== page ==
A PAIR OF NORTH ITALIAN ROSEWOOD, TULIPWOOD, BOIS SATINÉ AND MARQUETRY COMMODES, LOMBARDY LATE 18TH CENTURY, IN THE MANNER OF GIUSEPPE MAGGIOLINI
A PAIR OF NORTH ITALIAN ROSEWOOD, TULIPWOOD, BOIS SATINÉ AND MARQUETRY COMMODES, LOMBARDY LATE 18TH CENTURY, IN THE MANNER OF GIUSEPPE MAGGIOLINI
A PAIR OF NORTH ITALIAN ROSEWOOD, TULIPWOOD, BOIS SATINÉ AND MARQUETRY COMMODES, LOMBARDY LATE 18TH CENTURY, IN THE MANNER OF GIUSEPPE MAGGIOLINI
A PAIR OF NORTH ITALIAN ROSEWOOD, TULIPWOOD, BOIS SATINÉ AND MARQUETRY COMMODES, LOMBARDY LATE 18TH CENTURY, IN THE MANNER OF GIUSEPPE MAGGIOLINI
133

PROPERTY OF AN IMPORTANT EUROPEAN COLLECTION

A PAIR OF NORTH ITALIAN ROSEWOOD, TULIPWOOD, BOIS SATINÉ AND MARQUETRY COMMODES, LOMBARDY LATE 18TH CENTURY, IN THE MANNER OF GIUSEPPE MAGGIOLINI

Estimate: 30,000 - 50,000 GBP

PROPERTY OF AN IMPORTANT EUROPEAN COLLECTION

A PAIR OF NORTH ITALIAN ROSEWOOD, TULIPWOOD, BOIS SATINÉ AND MARQUETRY COMMODES, LOMBARDY LATE 18TH CENTURY, IN THE MANNER OF GIUSEPPE MAGGIOLINI

Estimate: 30,000 - 50,000 GBP

Lot Details

Description

Property of an Important European Collection

A PAIR OF NORTH ITALIAN ROSEWOOD, TULIPWOOD, BOIS SATINÉ AND MARQUETRY COMMODES, LOMBARDY LATE 18TH CENTURY, IN THE MANNER OF GIUSEPPE MAGGIOLINI


each with a serpentina verde marble top, above three long drawers inlaid sans traverse depicting a landscape flanked on each side by a telamon figures, on four tapering legs

92cm. high, 128cm. wide, 59cm. deep; 3ft.¼in., 4ft. 2½in., 1ft. 11¼in.

Condition Report

In overall good restored condition. Generally with minor chips old marks and scratches to veneer surface. Both commodes with horizontal age cracks to the sides. Both marble tops with a break across the middle, which has been restored. Otherwise, with minor chipping to the edges. One corner of a marble top with three sticky areas, which could benefit from cleaning. Two keys. Ready to be placed.


"In response to your inquiry, we are pleased to provide you with a general report of the condition of the property described above. Since we are not professional conservators or restorers, we urge you to consult with a restorer or conservator of your choice who will be better able to provide a detailed, professional report. Prospective buyers should inspect each lot to satisfy themselves as to condition and must understand that any statement made by Sotheby's is merely a subjective, qualified opinion. Prospective buyers should also refer to any Important Notices regarding this sale, which are printed in the Sale Catalogue.

NOTWITHSTANDING THIS REPORT OR ANY DISCUSSIONS CONCERNING A LOT, ALL LOTS ARE OFFERED AND SOLD AS IS" IN ACCORDANCE WITH THE CONDITIONS OF BUSINESS PRINTED IN THE SALE CATALOGUE."

Saleroom Notice

This lot contains endangered species. Sotheby's recommends that buyers check with their own government regarding any importation requirements prior to placing a bid. Please note that Sotheby's will not assist buyers with the shipment of this lot to the US. A buyer's inability to export or import these lots cannot justify a delay in payment or sale cancellation.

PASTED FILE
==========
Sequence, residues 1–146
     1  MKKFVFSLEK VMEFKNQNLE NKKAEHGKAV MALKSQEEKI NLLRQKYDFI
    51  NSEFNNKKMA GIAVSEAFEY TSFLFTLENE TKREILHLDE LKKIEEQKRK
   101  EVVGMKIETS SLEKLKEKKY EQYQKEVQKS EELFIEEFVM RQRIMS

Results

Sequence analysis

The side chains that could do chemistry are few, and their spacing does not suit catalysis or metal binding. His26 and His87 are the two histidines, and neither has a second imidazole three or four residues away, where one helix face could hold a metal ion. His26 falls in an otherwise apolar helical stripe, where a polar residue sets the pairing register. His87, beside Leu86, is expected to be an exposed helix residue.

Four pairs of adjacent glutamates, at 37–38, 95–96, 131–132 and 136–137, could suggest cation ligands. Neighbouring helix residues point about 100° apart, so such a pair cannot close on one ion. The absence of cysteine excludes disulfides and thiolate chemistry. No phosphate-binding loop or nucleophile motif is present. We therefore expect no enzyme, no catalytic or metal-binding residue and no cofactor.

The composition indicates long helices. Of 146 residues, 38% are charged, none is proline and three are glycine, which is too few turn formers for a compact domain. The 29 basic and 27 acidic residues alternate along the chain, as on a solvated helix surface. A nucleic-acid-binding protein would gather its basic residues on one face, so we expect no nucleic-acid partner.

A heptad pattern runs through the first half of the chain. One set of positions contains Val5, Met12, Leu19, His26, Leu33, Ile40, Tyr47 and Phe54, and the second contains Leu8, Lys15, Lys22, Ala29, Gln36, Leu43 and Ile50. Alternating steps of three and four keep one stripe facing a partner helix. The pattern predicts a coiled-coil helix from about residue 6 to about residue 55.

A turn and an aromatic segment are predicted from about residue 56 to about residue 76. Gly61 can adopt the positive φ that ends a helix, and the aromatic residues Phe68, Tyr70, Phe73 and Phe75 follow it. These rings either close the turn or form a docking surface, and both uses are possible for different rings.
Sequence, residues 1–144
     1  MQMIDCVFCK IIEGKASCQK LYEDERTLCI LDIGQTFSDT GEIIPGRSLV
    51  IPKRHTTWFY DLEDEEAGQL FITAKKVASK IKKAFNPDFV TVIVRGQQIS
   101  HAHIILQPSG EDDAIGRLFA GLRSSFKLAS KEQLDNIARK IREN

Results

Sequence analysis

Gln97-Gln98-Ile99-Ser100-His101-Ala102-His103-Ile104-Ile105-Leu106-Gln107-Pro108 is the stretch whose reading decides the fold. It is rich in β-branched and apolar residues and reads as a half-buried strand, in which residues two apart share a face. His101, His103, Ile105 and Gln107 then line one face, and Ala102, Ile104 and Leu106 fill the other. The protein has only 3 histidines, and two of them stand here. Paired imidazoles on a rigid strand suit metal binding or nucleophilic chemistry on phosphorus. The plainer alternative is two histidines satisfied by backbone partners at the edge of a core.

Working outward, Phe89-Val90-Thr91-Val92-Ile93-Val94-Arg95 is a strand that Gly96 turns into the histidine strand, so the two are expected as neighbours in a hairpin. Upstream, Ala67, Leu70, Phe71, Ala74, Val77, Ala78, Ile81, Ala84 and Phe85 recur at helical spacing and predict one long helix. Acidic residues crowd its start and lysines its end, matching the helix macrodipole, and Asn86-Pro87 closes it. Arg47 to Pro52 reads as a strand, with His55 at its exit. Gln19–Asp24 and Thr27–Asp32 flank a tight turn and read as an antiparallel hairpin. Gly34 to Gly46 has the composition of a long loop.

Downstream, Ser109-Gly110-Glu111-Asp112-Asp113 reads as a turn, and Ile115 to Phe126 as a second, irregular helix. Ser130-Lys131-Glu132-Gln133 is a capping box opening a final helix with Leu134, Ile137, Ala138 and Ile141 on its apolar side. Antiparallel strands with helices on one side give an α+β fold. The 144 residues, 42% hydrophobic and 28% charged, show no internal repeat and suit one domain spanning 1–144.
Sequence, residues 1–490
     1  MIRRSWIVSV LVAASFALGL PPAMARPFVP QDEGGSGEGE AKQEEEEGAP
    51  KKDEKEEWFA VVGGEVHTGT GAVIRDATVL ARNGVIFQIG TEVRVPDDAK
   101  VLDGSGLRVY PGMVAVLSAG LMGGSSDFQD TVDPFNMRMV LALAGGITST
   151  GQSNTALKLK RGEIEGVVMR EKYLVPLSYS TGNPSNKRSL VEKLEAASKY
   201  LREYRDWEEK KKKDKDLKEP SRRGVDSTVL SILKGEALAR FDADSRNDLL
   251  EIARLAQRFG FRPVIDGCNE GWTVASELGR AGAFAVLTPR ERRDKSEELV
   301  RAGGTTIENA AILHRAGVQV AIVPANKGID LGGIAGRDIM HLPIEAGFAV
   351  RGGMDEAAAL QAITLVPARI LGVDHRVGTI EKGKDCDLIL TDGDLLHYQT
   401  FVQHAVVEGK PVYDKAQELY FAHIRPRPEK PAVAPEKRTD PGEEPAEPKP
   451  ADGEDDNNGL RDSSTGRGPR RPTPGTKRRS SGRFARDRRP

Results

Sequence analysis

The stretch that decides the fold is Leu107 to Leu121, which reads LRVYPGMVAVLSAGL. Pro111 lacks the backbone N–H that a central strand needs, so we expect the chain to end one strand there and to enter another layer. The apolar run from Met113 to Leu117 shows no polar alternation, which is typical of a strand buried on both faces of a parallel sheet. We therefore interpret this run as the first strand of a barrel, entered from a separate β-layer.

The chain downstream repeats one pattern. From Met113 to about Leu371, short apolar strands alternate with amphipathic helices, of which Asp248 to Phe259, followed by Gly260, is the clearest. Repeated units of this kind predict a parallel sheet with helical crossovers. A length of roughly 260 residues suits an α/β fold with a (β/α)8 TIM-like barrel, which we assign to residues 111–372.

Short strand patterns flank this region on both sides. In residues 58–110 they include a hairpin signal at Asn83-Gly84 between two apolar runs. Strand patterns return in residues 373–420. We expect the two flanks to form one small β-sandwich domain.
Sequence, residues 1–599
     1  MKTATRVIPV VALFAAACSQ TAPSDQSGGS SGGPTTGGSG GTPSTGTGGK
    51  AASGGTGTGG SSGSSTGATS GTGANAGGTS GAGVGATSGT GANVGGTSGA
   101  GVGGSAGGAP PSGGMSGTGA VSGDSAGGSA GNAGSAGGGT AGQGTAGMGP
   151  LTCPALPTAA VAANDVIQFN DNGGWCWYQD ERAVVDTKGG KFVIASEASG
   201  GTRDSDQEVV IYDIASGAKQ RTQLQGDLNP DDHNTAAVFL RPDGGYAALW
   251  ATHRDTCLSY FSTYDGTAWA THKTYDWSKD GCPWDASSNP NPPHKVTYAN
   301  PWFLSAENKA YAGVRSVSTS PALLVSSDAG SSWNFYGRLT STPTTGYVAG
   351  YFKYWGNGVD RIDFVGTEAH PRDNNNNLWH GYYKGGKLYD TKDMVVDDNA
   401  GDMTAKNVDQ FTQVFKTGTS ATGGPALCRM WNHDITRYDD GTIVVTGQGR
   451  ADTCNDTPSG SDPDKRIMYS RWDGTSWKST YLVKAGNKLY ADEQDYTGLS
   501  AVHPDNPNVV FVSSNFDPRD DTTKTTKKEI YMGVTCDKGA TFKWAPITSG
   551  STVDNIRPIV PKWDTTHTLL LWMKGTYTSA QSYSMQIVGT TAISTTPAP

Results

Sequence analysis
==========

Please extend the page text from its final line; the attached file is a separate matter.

Cataloguing

Provenance

Etude Tajan, Paris, 25 June 1996, lot 205.


COMPARATIVE LITERATURE

G. Morazzoni, Il Mobile Intarsiato di Giuseppe Maggiolini, Milan, 1957, pl. LXV.

S. Colombo, L'arte del mobile in Italia, Milan, 1981, fig. 576. 

Catalogue Note

This pair of commodes is an important example of the Lombardian neoclassical style that was so influential in Italy in the second half of the 18th century. The fruitful development of Lombardia’s neoclassical style began with the establishment of the court in Milan: in fact, starting from 1771, Ferdinand of Habsburg commissioned the building of his Palace and of the Villa di Monza to the Italian Giuseppe Piermarini who entrusted the task of designing the stucco decoration and part of the furnishings to the Milan-based designer Giocondo Albertolli.


The commodes are noteworthy for their proportions and quality of the marquetry decorations. The architectural structure of the overall design reinforced with architectural scenes in marquetry are balanced by the telamons and foliate decorations. Furthermore, the decorations on the three drawers sans traverse are a testimony of the skills and expertise of the master who manufactured these commodes, possibly a pupil in the workshop of Giuseppe Maggiolini (1738-1814), the influential Milanese cabinetmaker.


The design of these commodes relates to an example dated from 1790 executed by the Maggiolini's workshop now in the collections of the Marquess Casati-Visconti di San Vito (illustrated in G. Morazzoni, Il Mobile Intarsiato di Giuseppe Maggiolini, Milan, 1957, pl. LXV). The main difference lies in the depiction on the central panel whereby the telamons, carrying a basket of flowers and leaves, flank on each sides a central medallion enclosing an angel. Another related example attributed to the Maggiolini’s workshop and depicting an almost identical design as the Casati-Visconti commode was offered Sotheby’s Paris, 19 April 2016, lot 219.


The present pieces may be distinguished from these two aforementioned examples by the three medallions in octagons enclosing architectural scenes with classical buildings, which could possibly depict the pyramid of Sestius and its Roman surroundings. A commode in the style of Maggiolini sold Sotheby’s London, 20 July 1972, lot 111 interestingly depicts an almost identical landscape scene with a church. 

STYLE: Private Collections
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